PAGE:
Advanced Writing: Fiction and Film
by Wells Earl Draughon
iUniverse, 306 pp., $31.95
June 25, 2003
Can good writing be taught? The answer to this age-old question varies, but there is certainly no argument that the elements of good writing can be learned, appreciated, and incorporated into one’s own literary efforts with due diligence. In his book, Advanced Writing: Fiction and Film, Wells Earl Draughon takes on the daunting task of explaining the varied concepts, theories, and techniques necessary for the advanced writer who is interested in writing fiction for novels or film.
Draughon, who is the author of five published novels, explains at the outset that his book is not for the beginner. He assumes that the reader already knows the basics of grammar and composition as well as the elements of writing a story. His goal, therefore, is to help aspiring writers understand the advanced techniques and nuances of writing fiction so they not only will be able to improve upon their writing skills, but also achieve a level of sophistication and professionalism necessary for success in the literary world.
At the outset of his book, Draughon tackles the conundrum of “originality,” namely, how unique or original should a work of fiction be without diminishing its chances for appealing to a mass audience or finding a publisher? His advice: “Every good novel or film must offer the abstract elements prescribed by this book; but it can meet these prescriptive criteria in many different ways, some of them new and different.”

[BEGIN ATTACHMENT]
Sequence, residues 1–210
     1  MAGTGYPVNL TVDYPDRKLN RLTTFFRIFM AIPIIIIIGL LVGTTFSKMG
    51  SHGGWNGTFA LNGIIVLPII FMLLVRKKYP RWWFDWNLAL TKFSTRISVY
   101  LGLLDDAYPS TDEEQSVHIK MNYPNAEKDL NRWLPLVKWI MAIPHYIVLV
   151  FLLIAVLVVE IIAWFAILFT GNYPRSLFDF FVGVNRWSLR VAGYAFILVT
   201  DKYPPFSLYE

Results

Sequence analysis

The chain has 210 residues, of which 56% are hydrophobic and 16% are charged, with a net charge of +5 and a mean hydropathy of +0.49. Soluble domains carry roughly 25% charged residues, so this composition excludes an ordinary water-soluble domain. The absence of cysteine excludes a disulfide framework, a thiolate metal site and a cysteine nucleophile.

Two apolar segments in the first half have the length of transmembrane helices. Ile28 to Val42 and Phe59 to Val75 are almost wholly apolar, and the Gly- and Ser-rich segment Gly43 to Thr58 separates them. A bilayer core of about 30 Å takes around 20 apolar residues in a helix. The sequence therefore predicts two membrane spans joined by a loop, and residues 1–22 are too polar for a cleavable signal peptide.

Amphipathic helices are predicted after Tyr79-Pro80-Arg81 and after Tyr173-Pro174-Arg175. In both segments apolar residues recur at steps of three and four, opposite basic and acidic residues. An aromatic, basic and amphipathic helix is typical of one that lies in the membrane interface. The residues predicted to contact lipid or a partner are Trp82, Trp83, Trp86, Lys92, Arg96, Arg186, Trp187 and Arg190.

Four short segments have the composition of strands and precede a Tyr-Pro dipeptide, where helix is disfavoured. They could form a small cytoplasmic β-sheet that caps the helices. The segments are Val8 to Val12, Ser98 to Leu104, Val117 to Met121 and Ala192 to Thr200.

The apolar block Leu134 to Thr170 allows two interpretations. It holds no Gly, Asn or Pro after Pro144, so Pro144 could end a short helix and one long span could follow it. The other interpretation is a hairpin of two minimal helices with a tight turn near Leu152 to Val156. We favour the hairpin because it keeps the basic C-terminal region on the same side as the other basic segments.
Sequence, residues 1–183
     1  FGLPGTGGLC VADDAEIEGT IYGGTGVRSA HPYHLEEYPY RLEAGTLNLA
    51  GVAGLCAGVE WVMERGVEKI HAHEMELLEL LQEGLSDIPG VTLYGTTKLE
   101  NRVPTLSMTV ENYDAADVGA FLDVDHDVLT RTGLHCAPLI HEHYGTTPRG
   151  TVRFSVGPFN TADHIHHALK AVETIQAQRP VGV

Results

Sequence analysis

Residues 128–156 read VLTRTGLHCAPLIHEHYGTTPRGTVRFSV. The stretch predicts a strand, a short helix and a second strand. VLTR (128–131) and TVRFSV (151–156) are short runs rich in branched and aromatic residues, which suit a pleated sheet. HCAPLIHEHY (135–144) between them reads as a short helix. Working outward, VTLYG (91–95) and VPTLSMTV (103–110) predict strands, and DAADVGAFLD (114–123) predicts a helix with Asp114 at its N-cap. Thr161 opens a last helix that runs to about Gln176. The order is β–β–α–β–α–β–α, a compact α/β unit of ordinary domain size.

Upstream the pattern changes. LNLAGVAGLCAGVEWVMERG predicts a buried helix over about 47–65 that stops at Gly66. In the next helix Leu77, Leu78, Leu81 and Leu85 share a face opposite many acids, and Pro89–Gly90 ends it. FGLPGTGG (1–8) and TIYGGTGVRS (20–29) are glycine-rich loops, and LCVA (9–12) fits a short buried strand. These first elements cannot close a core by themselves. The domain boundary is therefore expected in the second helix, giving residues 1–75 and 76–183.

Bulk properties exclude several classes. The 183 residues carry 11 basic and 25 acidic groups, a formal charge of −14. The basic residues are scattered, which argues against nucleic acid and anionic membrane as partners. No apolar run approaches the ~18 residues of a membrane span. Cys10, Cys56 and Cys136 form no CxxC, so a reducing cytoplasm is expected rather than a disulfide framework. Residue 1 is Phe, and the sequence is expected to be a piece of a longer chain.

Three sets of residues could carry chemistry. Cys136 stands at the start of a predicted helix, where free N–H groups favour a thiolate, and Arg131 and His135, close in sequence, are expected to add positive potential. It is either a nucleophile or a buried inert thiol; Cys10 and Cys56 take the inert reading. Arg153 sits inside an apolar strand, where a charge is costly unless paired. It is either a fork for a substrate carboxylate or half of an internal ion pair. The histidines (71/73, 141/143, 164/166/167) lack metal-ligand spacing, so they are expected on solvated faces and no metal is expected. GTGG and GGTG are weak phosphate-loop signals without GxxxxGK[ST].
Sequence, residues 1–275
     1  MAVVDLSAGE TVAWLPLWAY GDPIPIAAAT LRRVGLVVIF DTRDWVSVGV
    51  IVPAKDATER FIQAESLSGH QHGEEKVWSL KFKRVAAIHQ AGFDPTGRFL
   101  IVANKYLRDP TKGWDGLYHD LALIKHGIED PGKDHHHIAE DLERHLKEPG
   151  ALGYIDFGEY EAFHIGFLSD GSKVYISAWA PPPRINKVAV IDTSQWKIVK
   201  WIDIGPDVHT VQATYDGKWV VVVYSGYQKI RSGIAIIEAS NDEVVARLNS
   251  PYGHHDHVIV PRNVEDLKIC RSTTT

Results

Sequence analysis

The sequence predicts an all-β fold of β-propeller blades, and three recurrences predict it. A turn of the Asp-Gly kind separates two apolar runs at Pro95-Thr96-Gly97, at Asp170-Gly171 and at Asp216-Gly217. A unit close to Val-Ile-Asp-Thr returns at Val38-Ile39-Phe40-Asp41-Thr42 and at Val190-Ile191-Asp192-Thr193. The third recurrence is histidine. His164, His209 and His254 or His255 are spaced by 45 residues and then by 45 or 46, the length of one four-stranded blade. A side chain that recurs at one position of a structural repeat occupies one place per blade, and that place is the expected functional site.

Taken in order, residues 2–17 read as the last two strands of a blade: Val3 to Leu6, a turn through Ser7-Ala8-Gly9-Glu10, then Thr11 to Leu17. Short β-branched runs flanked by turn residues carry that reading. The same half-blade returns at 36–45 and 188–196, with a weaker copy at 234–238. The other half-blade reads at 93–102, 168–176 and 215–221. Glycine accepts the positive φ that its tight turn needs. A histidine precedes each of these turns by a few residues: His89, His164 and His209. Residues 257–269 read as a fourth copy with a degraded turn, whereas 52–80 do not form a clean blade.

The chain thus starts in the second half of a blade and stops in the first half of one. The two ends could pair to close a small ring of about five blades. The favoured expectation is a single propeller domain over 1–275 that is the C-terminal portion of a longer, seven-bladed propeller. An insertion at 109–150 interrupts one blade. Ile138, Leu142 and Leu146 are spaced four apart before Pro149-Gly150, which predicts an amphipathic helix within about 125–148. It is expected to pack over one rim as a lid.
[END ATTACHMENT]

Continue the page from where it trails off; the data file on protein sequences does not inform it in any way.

Throughout the book, the author describes in great detail his “prescriptions” for advanced writing, covering not only standard subjects like “depth of character,” “story appeal,” and “voice,” but also insights into topics less likely to be featured in traditional books on writing fiction. For example, there is a topic titled “Unusual Preferences with Regard to Trivial Things” in which Draughon explains how the writer can give the main character more appeal by having him do strange things, such as “buying serious books but never reading them, buying classical music CDs but never listening to them…”
In the final chapters of the book, Draughon presents a series of practical tips on the use of language, syntax, point-of-view shifts, and revision, an excellent way to end a book that is a must read for anyone who is serious about writing good fiction.